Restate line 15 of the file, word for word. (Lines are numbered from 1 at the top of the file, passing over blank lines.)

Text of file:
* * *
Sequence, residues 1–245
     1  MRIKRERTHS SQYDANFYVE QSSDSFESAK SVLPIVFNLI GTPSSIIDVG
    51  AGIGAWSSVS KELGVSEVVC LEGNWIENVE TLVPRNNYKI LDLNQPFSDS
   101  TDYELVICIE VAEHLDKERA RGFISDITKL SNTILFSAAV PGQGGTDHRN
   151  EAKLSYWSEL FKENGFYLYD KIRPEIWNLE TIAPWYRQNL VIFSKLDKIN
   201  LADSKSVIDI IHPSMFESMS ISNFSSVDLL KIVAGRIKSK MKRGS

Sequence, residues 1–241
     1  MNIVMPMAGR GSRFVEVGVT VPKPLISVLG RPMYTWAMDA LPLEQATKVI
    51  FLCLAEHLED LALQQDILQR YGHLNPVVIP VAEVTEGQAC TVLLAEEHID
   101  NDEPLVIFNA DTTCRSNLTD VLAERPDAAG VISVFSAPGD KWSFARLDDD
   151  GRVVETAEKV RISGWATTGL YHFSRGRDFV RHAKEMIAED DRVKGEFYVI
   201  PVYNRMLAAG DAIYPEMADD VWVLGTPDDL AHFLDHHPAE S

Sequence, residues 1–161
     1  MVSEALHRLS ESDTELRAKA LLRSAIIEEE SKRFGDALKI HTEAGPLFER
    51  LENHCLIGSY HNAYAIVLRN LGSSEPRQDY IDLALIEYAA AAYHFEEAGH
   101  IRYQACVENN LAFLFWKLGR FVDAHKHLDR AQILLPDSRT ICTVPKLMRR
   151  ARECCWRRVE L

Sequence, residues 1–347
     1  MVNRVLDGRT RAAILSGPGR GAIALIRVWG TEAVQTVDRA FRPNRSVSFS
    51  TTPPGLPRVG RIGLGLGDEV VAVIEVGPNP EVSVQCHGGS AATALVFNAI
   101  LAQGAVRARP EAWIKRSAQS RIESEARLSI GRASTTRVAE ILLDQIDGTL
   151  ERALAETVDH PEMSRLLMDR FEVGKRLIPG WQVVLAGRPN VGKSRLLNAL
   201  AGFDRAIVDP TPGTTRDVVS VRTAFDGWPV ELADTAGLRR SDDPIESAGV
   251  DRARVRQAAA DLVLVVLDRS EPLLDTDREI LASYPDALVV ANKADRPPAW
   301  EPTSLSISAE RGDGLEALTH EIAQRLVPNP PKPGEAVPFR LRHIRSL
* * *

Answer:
    51  LENHCLIGSY HNAYAIVLRN LGSSEPRQDY IDLALIEYAA AAYHFEEAGH